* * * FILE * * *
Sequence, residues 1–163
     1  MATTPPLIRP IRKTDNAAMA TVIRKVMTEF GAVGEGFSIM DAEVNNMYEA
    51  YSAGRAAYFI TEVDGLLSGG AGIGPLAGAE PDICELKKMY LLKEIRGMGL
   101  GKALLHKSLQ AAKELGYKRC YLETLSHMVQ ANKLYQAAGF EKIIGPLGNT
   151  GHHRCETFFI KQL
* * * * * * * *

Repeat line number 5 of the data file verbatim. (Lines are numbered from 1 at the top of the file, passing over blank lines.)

   151  GHHRCETFFI KQL